[4] 18:10:10 [SUCCESS] [email protected]
Sun Feb 26 18:10:10 IST 2017

Run the uptime command on each host:
$ pssh -i -h ~/.pssh_hosts_files uptime
Sample outputs:

[1] 18:11:15 [SUCCESS] [email protected]
 18:11:15 up  2:29,  0 users,  load average: 0.00, 0.00, 0.00
[2] 18:11:15 [SUCCESS] [email protected]
 18:11:15 up 19:06,  0 users,  load average: 0.13, 0.25, 0.27
[3] 18:11:15 [SUCCESS] [email protected]
 18:11:15 up  1:55,  0 users,  load average: 0.00, 0.00, 0.00
[4] 18:11:15 [SUCCESS] [email protected]
 6:11PM  up 1 day, 21:38, 0 users, load averages: 0.12, 0.14, 0.09

You can now automate common sysadmin tasks such as patching all servers:
$ pssh -h ~/.pssh_hosts_files -- sudo yum -y update
OR
$ pssh -h ~/.pssh_hosts_files -- sudo apt-get -y update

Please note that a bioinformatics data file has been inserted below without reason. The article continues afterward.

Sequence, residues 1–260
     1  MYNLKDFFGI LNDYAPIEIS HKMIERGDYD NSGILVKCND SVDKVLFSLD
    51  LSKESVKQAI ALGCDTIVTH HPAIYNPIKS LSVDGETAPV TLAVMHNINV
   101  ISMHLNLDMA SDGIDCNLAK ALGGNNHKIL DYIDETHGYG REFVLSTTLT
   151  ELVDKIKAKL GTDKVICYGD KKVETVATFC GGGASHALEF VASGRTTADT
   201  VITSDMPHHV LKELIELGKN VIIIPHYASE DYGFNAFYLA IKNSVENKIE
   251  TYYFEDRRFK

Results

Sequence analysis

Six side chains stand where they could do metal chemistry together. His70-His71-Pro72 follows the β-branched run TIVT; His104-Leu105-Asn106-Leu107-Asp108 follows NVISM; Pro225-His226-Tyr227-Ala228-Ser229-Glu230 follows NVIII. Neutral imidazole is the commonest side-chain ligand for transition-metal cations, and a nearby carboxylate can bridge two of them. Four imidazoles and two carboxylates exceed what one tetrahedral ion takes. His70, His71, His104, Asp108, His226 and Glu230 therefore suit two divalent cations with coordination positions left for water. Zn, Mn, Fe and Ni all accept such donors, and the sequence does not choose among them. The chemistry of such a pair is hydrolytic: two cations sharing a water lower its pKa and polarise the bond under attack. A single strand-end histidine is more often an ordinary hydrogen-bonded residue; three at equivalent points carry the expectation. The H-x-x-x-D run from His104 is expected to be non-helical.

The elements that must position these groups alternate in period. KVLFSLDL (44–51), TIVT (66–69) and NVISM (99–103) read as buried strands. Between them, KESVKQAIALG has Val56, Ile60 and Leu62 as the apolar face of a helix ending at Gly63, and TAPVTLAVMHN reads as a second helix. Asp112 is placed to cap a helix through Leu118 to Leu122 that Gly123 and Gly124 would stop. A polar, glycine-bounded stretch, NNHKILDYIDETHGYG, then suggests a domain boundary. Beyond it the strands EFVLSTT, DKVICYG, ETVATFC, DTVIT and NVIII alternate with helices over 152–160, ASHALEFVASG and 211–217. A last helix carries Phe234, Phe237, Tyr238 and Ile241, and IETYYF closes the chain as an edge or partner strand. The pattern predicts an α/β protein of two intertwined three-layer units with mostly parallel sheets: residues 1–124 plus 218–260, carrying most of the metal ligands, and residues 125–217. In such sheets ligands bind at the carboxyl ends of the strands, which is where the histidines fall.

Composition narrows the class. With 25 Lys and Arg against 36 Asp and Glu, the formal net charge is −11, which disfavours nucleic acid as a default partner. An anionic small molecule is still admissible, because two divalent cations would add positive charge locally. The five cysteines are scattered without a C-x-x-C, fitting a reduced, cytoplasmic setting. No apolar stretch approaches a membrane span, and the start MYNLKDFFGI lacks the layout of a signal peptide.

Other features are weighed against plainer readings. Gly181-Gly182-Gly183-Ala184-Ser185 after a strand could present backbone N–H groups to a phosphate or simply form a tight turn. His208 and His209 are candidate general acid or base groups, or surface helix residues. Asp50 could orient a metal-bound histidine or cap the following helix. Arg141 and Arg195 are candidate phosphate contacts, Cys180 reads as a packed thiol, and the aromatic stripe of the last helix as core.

$ pssh -h ~/.pssh_hosts_files -- sudo apt-get -y upgrade

How do I use pssh to copy file to all servers?

The syntax is:
pscp -h ~/.pssh_hosts_files src dest
To copy $HOME/demo.txt to /tmp/ on all servers, enter:
$ pscp -h ~/.pssh_hosts_files $HOME/demo.txt /tmp/
Sample outputs:

[1] 18:17:35 [SUCCESS] [email protected]
[2] 18:17:35 [SUCCESS] [email protected]
[3] 18:17:35 [SUCCESS] [email protected]
[4] 18:17:35 [SUCCESS] [email protected]

Or use the prsync command for efficient copying of files:
$ prsync -h ~/.pssh_hosts_files /etc/passwd /tmp/
$ prsync -h ~/.pssh_hosts_files *.html /var/www/html/

How do I kill processes in parallel on a number of hosts?

Use the pnuke command for killing processes in parallel on a number of hosts. The syntax is: